ROI Connect member Calvin D. suggested I go over EBITDA and EBITDA multiples, which I use extensively when quickly evaluating where a stock is valued.
When you look at most investments, you’re trying to estimate what kind of annual return you might receive if you bought it. For example, purchasing a five-year bond for $100 with a 5% interest rate would earn you $5 per year (5% annual “return”). You could also say you bought the bond at a 5% interest rate “yield.” Additionally, if you inverted the metric, you could say you purchased the bond at 20x interest.
Equities (stocks) are much more complicated than bonds because they don’t guarantee cash distributions to the investor. A company makes profits that vary year-to-year, and the board of directors and management can choose to do what they want with the cash: horde it, reinvest it into the business, use it to buy other companies, distribute it to shareholders via dividends, repurchase shares, etc.
Company valuations are complicated, so the “truest” way to value them is through a discounted cash flow (DCF) model, which tallies up all the cash flows the company is expected to earn in the future and then takes into account how long we have to wait for those cash flows. Short of doing this, we try to get a feel for how cheap or expensive a stock is through metrics, just like we did with the bond example.
Enterprise Value (EV) is how much you’re buying into the company and considers the value of the cash and debt the company has. It’s almost always a better metric than Market Cap. Next, we want to ask ourselves if we buy this company for “X” Enterprise Value, how much “Y” will we get back in return per year?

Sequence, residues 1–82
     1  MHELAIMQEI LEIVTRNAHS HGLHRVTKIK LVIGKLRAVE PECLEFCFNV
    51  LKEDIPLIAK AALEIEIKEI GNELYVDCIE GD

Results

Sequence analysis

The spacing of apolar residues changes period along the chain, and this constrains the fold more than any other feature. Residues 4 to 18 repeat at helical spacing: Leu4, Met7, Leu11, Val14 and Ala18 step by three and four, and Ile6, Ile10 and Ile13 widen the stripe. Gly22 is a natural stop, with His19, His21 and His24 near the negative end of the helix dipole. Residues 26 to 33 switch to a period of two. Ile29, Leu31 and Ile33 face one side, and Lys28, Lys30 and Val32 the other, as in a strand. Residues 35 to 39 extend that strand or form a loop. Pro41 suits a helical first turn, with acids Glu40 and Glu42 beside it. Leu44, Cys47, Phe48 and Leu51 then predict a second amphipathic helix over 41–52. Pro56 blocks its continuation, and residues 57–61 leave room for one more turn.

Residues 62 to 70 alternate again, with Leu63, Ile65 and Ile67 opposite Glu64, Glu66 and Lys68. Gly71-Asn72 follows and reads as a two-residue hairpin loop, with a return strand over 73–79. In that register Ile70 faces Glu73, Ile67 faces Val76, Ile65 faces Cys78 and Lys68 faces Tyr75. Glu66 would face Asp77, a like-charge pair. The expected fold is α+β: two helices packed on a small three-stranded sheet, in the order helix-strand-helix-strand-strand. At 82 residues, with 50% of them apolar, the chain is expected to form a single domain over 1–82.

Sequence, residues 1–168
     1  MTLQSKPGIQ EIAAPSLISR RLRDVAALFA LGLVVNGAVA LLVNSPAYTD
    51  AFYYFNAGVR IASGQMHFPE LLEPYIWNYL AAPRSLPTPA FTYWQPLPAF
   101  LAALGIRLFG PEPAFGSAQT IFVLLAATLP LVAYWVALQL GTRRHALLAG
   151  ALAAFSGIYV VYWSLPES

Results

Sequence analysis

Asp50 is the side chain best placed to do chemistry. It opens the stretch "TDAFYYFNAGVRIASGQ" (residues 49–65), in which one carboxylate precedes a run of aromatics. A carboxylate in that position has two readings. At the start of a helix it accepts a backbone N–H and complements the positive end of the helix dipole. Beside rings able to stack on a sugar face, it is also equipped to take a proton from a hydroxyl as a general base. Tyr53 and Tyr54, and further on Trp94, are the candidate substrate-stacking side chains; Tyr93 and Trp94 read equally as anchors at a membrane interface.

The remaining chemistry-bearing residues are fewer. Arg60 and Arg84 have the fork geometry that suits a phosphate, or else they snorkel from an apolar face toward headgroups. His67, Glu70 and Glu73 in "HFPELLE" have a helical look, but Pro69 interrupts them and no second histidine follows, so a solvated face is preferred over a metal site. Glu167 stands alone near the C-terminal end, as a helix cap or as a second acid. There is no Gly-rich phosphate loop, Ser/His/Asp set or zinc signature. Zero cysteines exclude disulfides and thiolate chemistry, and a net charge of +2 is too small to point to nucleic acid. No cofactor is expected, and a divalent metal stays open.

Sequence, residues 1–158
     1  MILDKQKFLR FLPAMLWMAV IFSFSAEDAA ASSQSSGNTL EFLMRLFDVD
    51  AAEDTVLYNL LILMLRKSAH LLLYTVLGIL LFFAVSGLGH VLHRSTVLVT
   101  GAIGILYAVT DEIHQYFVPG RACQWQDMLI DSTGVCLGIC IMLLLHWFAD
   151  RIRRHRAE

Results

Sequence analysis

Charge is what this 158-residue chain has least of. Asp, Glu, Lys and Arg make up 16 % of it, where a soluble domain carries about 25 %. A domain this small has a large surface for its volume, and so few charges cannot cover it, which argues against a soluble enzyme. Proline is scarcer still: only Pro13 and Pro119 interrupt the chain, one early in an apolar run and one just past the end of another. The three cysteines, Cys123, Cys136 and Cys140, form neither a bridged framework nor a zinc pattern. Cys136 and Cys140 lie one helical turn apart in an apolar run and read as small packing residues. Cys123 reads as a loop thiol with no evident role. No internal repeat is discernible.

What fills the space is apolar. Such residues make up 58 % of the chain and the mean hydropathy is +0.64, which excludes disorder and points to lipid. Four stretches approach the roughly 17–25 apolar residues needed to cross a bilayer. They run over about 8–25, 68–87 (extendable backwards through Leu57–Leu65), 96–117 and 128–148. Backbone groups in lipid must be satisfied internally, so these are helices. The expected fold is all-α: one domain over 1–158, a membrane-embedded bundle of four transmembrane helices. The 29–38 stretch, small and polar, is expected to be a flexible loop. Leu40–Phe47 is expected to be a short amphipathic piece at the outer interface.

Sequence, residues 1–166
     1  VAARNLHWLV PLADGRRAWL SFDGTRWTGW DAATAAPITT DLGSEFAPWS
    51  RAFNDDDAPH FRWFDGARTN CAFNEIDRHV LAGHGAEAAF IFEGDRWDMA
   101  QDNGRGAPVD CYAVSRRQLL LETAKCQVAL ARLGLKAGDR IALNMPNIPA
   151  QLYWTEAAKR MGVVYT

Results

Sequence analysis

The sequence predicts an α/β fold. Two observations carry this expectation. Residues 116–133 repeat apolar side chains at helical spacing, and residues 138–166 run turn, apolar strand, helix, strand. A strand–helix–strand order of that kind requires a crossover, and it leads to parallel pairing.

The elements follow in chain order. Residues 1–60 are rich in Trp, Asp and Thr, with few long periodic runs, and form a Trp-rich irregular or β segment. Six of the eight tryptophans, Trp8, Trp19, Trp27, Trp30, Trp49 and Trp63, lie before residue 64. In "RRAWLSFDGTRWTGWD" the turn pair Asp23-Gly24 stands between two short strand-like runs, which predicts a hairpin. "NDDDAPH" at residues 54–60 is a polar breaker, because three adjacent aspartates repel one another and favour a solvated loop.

If the company is growing and reinvesting, we don’t care as much about cash, but instead, we care about how fast they’re growing (Revenue Growth) and how profitable their products are (Gross Profit Margin). Thus, I like to compare the current EV to estimated Gross Profit 1, 2, 3+ years in the future. That gives me a sense of how much I have to wait to have a reasonable Gross Profit return on my purchase today.
If the company is more mature or stable, we care mostly about how much cash the company will produce in the near future. A standard metric is EV/EBITDA, which compares the whole company’s value to the cash flow the company produces. 10x EV/EBITDA would mean that we could expect the company to make $1 for every $10 of its value per year. Investors don’t get all this money, though, as some of that $1 needs to go to capital expenditures, debtors, and the taxman.
The worse the business’s quality or growth, the lower its EBITDA multiple should be (higher relative cash flow). As investors, we want to be compensated more per year if the company is at-risk, struggling, or not growing. In my experience, 4.0x EV/EBITDA indicates a weak, struggling business possibly close to bankruptcy, while a growing software company can be attractive at over 25x EBITDA depending on growth. Most normal companies I’ve looked at, though, should trade somewhere between 7-15x EBITDA.